NIH Releases Statement on FDA EUA for Use of Convalescent Plasma in COVID-19 Patients

September 1, 2020

Based on its own review of data on use of convalescent plasma to treat COVID-19, NIH finds insufficient data to recommend for or against its use, the statement says.

On August 23, 2020, the Food and Drug Administration (FDA) issued an Emergency Use Authorization (EUA)* for COVID-19 convalescent plasma for the treatment of hospitalized patients with COVID-19.

In a statement issued on September 1, 2020, the National Institutes of Health (NIH) COVID-19 Treatment Guidelines Panel (the Panel) announced results of its own review of currently available evidence on use of convalescent plasma for treatment of COVID-19 infection, including the analyses used by FDA in support of the EUA. Here are results of that review.

Impression: There are currently no data from well-controlled, adequately powered randomized clinical trials that demonstrate the efficacy and safety of convalescent plasma for the treatment of COVID-19.

FDA analysis. FDA analyzed data on a subset of hospitalized patients from the Mayo Clinic’s Expanded Access Program (EAP) that compared outcomes in patients who received convalescent plasma with high titers of SARS-CoV2 neutralizing antibodies to outcomes in patients who received plasma with low titers and found:

  • There was no difference found in 7-day survival overall.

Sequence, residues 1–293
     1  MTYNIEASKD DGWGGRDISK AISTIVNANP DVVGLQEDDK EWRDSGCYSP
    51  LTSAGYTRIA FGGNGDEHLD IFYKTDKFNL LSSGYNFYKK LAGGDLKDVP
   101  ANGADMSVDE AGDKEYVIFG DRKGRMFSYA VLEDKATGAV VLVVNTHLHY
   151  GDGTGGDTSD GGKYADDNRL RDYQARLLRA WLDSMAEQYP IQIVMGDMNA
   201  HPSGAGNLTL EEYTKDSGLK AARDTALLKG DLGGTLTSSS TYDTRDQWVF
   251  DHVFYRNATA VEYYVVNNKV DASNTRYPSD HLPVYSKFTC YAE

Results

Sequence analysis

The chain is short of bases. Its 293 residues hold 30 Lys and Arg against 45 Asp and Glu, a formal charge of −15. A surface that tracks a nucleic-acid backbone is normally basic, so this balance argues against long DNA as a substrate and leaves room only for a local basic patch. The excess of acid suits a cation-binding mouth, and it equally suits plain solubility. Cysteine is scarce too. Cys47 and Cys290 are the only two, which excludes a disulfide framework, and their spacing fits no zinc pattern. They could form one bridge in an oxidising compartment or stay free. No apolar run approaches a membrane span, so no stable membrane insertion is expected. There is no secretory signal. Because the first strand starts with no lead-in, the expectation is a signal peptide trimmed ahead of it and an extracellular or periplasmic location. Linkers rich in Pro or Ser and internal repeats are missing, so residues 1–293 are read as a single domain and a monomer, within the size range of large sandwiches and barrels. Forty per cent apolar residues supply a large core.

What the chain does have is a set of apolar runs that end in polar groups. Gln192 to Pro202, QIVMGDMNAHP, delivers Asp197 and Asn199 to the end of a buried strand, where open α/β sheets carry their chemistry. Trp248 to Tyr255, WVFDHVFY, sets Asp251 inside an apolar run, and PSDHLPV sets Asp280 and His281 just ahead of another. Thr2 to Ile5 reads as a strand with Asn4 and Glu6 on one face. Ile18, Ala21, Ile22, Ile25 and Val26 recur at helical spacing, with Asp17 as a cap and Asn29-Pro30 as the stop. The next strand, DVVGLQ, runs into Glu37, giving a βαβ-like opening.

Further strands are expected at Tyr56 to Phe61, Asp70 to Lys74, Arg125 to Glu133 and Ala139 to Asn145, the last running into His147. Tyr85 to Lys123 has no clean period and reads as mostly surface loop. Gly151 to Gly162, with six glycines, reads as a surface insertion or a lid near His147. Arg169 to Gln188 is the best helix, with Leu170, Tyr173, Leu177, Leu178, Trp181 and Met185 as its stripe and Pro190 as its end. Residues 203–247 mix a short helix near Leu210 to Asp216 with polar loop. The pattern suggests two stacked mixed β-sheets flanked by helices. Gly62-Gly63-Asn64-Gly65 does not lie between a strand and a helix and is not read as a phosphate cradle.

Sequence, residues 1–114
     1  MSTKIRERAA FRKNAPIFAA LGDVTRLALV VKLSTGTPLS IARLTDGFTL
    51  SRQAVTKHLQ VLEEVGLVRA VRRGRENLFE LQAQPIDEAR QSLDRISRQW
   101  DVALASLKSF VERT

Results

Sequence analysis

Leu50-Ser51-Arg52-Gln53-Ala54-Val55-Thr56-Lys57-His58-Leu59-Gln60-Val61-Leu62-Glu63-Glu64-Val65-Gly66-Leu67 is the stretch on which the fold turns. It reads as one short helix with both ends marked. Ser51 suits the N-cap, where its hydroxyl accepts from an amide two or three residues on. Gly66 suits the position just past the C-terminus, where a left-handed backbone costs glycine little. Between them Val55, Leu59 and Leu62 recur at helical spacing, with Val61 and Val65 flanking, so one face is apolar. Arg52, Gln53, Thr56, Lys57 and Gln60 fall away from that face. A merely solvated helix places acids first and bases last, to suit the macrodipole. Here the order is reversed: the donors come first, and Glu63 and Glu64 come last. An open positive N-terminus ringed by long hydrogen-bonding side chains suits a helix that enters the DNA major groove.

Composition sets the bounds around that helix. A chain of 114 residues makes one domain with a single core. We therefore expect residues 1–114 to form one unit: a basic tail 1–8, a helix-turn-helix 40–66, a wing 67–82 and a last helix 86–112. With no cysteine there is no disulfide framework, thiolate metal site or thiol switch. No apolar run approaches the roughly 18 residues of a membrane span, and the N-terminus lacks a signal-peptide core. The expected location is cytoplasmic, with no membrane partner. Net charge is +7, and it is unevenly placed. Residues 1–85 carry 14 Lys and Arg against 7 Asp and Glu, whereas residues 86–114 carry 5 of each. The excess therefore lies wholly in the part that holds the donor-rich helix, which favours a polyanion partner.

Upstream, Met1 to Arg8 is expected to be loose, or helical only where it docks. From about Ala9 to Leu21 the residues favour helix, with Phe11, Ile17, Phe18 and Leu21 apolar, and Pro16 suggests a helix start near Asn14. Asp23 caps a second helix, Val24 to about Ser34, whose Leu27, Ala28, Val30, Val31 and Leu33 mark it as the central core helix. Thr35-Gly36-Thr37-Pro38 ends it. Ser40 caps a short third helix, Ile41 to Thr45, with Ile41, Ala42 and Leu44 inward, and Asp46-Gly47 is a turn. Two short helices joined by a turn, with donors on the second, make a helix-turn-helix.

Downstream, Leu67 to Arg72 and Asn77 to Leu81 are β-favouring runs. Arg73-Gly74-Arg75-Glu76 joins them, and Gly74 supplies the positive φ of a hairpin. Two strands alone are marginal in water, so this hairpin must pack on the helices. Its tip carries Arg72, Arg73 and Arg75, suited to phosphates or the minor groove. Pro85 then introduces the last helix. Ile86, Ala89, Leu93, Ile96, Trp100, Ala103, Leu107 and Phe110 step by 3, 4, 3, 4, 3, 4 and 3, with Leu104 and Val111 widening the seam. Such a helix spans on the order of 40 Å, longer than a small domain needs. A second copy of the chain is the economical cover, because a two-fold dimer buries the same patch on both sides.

• Among patients who were not intubated, 11% of those who received convalescent plasma with high antibody titers died within 7 days of transfusion compared with 14% of those who received convalescent plasma with low antibody titers.
  • Among those who were intubated, there was no difference in 7-day survival.

Although it appears based on these data that convalescent plasma with high antibody titers may be beneficial in nonintubated patients, there is uncertainty about the safety and efficacy of convalescent plasma for several reasons:

  • Lack of a randomized control group and possible confounding in the Mayo Clinic’s EAP Antibody levels in currently available COVID-19 convalescent plasma are highly variable.
  • There are few available assays to determine the effective antibody titers.

Based on the available evidence, the Panel has determined the following:

NIH COVID-19 Treatment Guidelines, Convalescent Plasma ___________________________________________________________________________

Globally, as of September 1, 2020, there have been 25 511 385 confirmed cases of COVID-19, 851 352 deaths, and 16 863 597 recoveries.
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